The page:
The pop of the housing bubble 15 years ago is a memory that won’t go away for most people. With all the headlines talking about forbearance plans coming to an end, many people are hoping and concerned we will see a wave of foreclosures hit the market and that the housing market will crash. Here are some reasons why that won’t happen, even in Oklahoma.
The amount of homeowners in trouble is considerably less
After the last housing crash, about 9.3 million households lost their homes to a short sale, foreclosure, or because they decided to give it back to the bank.
Last year, as stay-at-home orders were issued, the fear was the pandemic would impact the housing industry in a similar way. There were headlines projecting up to 30% of all mortgage holders would enter the forbearance program. Do you know what really happened? Only 8.5% actually did, and that number is now down to 2.2%.
As of last Friday, October 29th, 2021, the total number of mortgages still in forbearance stood at 1,221,000. That is massively less than the 9.3 million households that lost their homes just over a decade ago during the housing crash.
The majority of the mortgages in forbearance can sell their homes without being underwater due to their equity
Due to rapidly rising home prices over the last two years here in Tulsa County and Creek County and across the nation, of the 1.22 million homeowners currently in forbearance, 93% have at least 10% equity in their homes. Do you know what that means? This is so important because the 10% equity enables homeowners to sell their homes, pay the related expenses, and put money in their pocket instead of giving their house back to the bank or facing the hit on their credit that a short sale or foreclosure would cause.
Unfortunately, the 7% remaining might not have the option to sell, but let’s look at the math. If the entire 7% of those 1.22 million homes went into foreclosure, that would total about 85,400 mortgages. Let’s put that number in context, look at the annual foreclosure numbers for the three years leading up to the health crisis:
- 2017: 314,220
- 2018: 279,040
- 2019: 277,520
With the math, the likely number of foreclosures coming out of the forbearance program is nowhere even near the number of foreclosures that affected the housing crash 15 years ago. The numbers are showing us it is less than one-third of any of the three years prior to the world health crisis.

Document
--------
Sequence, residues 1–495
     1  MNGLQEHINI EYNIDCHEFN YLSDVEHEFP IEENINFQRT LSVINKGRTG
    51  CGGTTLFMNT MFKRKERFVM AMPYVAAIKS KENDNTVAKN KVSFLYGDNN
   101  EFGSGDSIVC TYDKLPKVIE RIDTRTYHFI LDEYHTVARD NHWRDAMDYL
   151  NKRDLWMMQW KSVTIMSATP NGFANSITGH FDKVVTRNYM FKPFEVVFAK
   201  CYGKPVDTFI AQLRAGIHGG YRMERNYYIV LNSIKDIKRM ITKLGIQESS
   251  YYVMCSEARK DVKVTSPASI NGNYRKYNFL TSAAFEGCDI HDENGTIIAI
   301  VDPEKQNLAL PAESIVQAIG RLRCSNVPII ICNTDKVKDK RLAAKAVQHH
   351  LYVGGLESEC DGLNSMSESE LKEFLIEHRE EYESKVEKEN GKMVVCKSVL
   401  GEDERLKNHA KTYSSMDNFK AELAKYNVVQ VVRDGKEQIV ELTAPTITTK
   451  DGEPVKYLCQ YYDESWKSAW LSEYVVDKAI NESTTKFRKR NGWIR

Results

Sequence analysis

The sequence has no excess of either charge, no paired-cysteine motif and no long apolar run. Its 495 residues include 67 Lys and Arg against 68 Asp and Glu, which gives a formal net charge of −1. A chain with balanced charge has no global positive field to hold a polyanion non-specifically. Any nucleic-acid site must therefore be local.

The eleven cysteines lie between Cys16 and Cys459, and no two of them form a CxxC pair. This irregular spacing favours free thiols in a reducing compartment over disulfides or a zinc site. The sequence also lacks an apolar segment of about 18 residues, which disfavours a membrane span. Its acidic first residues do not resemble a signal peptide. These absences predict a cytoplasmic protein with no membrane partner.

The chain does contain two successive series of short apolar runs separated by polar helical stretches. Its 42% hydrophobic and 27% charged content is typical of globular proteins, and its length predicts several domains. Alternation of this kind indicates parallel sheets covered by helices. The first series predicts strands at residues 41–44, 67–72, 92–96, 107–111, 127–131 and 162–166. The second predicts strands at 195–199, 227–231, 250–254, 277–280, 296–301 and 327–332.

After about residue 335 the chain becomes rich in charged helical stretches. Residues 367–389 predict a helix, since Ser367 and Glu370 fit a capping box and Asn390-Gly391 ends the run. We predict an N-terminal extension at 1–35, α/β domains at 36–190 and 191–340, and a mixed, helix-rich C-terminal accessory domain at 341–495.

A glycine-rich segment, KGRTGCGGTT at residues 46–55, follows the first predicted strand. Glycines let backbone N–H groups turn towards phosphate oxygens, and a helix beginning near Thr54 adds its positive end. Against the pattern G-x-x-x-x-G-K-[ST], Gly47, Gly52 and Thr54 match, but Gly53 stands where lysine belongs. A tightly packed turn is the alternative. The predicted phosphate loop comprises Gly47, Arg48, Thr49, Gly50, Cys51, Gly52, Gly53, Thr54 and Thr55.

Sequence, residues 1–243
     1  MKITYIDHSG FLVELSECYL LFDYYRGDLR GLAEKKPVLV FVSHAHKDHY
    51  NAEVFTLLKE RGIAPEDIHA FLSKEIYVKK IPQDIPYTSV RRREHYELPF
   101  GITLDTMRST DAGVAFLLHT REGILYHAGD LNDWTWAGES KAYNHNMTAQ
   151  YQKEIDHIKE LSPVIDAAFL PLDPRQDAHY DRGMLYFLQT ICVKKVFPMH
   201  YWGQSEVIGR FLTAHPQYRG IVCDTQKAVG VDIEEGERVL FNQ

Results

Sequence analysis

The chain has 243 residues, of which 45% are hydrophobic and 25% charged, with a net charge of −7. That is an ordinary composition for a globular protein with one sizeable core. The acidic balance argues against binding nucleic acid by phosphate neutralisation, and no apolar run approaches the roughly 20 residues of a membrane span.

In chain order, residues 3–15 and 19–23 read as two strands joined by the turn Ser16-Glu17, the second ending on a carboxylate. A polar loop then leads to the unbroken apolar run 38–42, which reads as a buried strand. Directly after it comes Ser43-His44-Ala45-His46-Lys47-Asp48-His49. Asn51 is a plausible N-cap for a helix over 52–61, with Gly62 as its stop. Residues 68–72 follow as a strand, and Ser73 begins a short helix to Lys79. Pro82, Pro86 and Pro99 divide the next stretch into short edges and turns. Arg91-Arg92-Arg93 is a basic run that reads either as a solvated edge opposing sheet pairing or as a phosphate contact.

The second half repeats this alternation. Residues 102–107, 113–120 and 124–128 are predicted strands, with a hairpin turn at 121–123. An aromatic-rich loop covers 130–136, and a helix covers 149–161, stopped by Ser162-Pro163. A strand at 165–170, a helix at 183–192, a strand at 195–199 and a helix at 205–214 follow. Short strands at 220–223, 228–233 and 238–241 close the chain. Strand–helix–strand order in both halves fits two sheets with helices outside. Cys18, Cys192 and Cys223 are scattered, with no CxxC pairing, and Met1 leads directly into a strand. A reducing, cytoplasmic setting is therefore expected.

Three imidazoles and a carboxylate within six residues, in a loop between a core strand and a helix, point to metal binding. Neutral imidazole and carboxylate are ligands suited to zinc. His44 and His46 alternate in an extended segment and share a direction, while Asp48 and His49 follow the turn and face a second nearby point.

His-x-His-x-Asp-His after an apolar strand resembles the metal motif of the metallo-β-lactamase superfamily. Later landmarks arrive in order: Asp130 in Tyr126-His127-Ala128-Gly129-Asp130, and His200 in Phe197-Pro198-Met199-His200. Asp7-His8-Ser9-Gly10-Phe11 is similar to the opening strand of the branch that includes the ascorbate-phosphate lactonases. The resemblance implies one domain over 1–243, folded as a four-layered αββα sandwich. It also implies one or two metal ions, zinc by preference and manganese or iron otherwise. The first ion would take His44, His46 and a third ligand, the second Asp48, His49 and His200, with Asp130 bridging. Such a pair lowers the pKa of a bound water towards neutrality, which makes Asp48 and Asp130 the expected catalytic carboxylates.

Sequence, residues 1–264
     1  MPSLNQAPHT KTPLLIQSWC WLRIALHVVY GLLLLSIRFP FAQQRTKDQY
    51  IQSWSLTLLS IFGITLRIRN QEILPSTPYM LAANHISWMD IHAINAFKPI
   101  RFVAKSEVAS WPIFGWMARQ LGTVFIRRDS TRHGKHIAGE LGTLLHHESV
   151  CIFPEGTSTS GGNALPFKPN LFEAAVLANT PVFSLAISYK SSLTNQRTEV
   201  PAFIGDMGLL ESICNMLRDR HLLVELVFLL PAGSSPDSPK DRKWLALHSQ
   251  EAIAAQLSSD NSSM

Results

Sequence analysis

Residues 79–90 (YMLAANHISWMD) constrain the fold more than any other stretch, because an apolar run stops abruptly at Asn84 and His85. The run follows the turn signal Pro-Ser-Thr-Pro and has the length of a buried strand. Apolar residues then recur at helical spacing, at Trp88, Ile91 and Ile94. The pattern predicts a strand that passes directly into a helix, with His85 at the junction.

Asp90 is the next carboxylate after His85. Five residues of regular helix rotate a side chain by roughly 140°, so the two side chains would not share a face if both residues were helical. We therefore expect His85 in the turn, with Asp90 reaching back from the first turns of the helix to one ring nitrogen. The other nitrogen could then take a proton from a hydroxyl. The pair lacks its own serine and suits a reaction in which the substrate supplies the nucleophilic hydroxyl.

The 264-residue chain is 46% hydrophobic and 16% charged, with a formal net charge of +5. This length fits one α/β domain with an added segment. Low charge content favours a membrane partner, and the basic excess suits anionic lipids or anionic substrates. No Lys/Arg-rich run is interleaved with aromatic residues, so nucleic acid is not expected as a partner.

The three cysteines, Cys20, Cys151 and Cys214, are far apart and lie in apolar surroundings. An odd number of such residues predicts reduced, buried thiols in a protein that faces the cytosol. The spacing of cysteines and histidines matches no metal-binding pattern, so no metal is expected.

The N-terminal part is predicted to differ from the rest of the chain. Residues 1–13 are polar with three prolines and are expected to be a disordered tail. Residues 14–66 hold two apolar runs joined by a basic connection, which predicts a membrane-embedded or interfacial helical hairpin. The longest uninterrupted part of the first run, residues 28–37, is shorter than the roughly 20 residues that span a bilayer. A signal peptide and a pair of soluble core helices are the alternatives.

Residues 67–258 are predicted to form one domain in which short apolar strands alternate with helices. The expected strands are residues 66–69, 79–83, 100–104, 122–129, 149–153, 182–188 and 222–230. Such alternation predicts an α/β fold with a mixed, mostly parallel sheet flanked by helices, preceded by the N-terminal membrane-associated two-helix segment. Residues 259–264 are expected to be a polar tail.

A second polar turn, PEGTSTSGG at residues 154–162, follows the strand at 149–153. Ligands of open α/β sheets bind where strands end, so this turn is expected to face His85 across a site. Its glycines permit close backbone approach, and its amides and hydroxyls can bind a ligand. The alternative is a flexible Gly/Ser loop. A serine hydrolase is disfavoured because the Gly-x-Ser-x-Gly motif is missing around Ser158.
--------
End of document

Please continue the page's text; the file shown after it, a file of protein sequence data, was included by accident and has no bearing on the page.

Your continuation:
Those listings coming to the market can be easily absorbed due to the housing shortage we are in
Look at this graph. Back in 2008, when foreclosures hit the market, there was an abundance of houses for sale. Today we are in the exact opposite situation. In 2008, we were in a buyers market, the month’s supply of inventory was at over nine months. Today, here in Tulsa County and Creek County that number is less than a two-month supply in Tulsa County and Creek County and less than a three-month supply nationally. Again, look at the graph comparing the two markets.
The data indicates why Ivy Zelman, founder of the major housing market analytical firm Zelman and Associates, was on point when she stated: “The likelihood of us having a foreclosure crisis again is about zero percent.“
The message needs to be heard. If you are waiting around to buy a house waiting for the market to crash you will likely end up disappointed and it will cost you more money when you do move because experts are projecting home prices to keep appreciating and interest rates to go up as well. And even more important if you are a homeowner and you need to sell your house because you are out of forbearance please reach out to me so I can help walk you through your options. The majority of homeowners do not need to let their home go back to the bank due to the massive appreciation we have had over the past two years. Again, I am Sabrina Shaw, with Homes by Sabrina and eXp Realty, and I am always here to guide and serve you.